The monks at Subiaco Abbey in Arkansas make a tangy hot sauce from the habanero peppers grown in the monastery’s gardens. Benedictine Father Richard Walz began making his “Monk Sauce” while he was stationed in Belize, Central America. In 2003, he brought back some seeds from the peppers he grew there and created a tangy sauce made from the chilies along with onions, garlic, carrots, vinegar, salt, and “a few prayers thrown in for good measure.”
How spicy is it? According to the abbey’s website, their Monk Sauce has a 250,000 Scoville Unit rating, while Tabasco’s habanero sauce earned a mere 7,000 Scoville Unit rating. Available in green, red, and smoked, the 5-ounce bottles sell for $11 each.
Posted on 12/2/2023 06:30 AM (USCCB News Releases)
VATICAN CITY (CNS) -- The future of humanity depends on what people choose now, Pope Francis said in his message to global leaders at the World Climate Action Summit of the U.N. Climate Change Conference.
"Are we working for a culture of life or a culture of death?" he asked in his message. "To all of you I make this heartfelt appeal: Let us choose life! Let us choose the future!"
"The purpose of power is to serve. It is useless to cling to an authority that will one day be remembered for its inability to take action when it was urgent and necessary to do so. History will be grateful to you," the pope wrote.
Excerpts from Pope Francis' full written message were read by Cardinal Pietro Parolin, Vatican secretary of state, Dec. 2 during the high-level segment with heads of state and government at the climate conference, COP28, being held in Dubai, United Arab Emirates, Nov. 30-Dec. 12.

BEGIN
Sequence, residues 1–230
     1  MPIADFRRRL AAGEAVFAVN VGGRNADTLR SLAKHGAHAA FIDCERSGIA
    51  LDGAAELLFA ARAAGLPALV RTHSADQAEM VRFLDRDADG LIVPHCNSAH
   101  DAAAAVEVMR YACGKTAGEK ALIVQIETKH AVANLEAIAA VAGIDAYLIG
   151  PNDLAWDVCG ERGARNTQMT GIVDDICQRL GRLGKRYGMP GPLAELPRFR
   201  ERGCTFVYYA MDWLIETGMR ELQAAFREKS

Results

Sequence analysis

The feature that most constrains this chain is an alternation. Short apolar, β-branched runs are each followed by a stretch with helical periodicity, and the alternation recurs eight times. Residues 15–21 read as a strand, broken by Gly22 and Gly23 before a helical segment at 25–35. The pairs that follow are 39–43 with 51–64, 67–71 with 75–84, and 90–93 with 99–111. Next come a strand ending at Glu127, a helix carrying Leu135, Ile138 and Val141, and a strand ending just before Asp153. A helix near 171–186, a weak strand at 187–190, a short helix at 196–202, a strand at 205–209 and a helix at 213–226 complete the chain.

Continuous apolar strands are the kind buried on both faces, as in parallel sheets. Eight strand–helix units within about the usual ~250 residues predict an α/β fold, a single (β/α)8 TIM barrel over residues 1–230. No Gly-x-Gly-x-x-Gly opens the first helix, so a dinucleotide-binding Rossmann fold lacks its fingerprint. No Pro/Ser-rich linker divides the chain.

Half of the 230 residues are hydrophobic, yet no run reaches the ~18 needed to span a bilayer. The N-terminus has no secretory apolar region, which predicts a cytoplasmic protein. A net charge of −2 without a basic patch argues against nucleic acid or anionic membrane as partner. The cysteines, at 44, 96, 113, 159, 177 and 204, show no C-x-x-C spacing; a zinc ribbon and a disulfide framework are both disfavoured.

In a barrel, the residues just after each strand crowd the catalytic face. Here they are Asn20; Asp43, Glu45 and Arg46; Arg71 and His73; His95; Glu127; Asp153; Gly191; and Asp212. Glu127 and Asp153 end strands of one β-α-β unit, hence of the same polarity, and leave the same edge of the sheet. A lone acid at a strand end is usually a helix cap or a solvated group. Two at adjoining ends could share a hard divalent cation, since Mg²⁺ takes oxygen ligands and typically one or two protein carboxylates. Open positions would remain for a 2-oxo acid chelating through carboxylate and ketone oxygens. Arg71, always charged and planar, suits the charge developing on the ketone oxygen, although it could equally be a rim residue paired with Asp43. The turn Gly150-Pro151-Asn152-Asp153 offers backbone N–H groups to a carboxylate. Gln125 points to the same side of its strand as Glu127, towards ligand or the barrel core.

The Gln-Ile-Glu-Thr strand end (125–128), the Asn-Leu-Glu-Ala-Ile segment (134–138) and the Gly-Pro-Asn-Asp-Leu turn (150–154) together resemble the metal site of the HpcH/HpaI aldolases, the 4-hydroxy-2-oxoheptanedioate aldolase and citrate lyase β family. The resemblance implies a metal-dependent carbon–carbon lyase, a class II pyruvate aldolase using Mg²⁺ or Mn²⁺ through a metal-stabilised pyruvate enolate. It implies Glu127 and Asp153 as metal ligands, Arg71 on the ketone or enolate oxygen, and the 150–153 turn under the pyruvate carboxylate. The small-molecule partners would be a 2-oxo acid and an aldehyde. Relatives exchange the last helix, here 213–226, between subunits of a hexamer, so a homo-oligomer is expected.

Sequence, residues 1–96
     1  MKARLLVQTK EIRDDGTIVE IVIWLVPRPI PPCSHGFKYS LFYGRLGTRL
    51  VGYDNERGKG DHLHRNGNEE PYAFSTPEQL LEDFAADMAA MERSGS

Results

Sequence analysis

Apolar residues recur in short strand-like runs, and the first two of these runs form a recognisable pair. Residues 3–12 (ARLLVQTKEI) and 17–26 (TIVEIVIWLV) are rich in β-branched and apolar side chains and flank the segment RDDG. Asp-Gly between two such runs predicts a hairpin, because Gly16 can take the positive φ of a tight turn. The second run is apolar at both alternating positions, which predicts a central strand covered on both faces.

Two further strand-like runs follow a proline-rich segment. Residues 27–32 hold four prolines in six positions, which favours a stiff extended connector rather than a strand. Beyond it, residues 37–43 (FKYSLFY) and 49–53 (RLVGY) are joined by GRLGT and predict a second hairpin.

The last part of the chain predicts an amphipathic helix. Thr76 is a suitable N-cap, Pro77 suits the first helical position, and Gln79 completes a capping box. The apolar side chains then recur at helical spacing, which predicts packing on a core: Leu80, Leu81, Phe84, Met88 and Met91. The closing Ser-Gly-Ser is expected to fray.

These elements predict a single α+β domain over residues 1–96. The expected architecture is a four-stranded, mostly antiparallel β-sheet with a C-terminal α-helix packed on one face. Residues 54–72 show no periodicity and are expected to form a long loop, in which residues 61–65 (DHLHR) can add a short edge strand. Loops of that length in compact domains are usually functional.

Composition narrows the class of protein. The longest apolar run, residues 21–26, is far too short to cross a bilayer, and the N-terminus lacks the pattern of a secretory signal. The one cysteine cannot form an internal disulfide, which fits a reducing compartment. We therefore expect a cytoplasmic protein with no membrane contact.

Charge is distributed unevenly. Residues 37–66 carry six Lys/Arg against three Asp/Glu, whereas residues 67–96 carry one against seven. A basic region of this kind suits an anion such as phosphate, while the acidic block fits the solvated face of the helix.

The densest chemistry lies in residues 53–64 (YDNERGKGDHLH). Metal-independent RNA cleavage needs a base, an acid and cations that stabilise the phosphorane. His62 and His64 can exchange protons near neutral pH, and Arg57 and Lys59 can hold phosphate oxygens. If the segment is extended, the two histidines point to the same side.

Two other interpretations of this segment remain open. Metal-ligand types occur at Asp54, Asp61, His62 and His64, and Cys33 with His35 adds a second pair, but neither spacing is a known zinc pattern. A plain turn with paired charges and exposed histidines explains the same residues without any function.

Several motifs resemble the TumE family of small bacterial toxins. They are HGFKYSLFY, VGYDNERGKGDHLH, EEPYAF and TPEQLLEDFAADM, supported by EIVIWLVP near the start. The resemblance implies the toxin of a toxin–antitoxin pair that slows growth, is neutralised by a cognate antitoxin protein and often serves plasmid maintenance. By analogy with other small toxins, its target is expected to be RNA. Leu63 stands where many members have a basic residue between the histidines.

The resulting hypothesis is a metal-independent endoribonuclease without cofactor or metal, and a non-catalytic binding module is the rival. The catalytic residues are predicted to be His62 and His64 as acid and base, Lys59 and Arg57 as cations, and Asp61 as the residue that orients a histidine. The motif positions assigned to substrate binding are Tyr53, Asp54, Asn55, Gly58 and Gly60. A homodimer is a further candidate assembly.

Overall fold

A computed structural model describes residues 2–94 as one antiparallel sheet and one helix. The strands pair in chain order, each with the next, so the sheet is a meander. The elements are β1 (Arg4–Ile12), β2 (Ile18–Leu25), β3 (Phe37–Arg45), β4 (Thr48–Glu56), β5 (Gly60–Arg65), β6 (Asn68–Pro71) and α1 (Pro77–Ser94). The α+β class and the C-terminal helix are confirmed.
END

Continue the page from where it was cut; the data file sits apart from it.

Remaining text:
Pope Francis was to have been the first pope to attend the U.N. climate conference Dec. 1-3, but canceled his trip Nov. 28 after coming down with a serious bronchial infection.
The Vatican published the pope's full speech Dec. 2, although Cardinal Parolin read only excerpts at the summit to respect the three-minute limit on national statements. The text was submitted in full to the conference.
"Sadly, I am unable to be present with you, as I had greatly desired," the pope's text said.
The destruction of the environment is "a sin" that not only "greatly endangers all human beings, especially the most vulnerable," he wrote, but it also "threatens to unleash a conflict between generations."
"The drive to produce and possess has become an obsession, resulting in an inordinate greed that has made the environment the object of unbridled exploitation," the pope wrote. People must recognize their limits, with humility and courage, and seek authentic fulfillment.
"What stands in the way of this? The divisions that presently exist among us," he wrote.
The world "should not be un-connected by those who govern it, with international negotiations that 'cannot make significant progress due to positions taken by countries which place their national interests above the global common good,'" he wrote, quoting from his 2015 encyclical "Laudato Si', On Care for Our Common Home."
The poor and high birth rates are not to blame for today's climate crisis, he wrote. "Almost half of our world that is more needy is responsible for scarcely 10% of toxic emissions, while the gap between the opulent few and the masses of the poor has never been so abysmal. The poor are the real victims of what is happening."
As for population growth, births are a resource, he wrote, "whereas certain ideological and utilitarian models now being imposed with a velvet glove on families and peoples constitute real forms of colonization."
"The development of many countries, already burdened by grave economic debt, should not be penalized," it said. "It would only be fair to find suitable means of remitting the financial debts that burden different peoples, not least in light of the ecological debt that they are owed" by the few nations responsible for the bulk of emissions.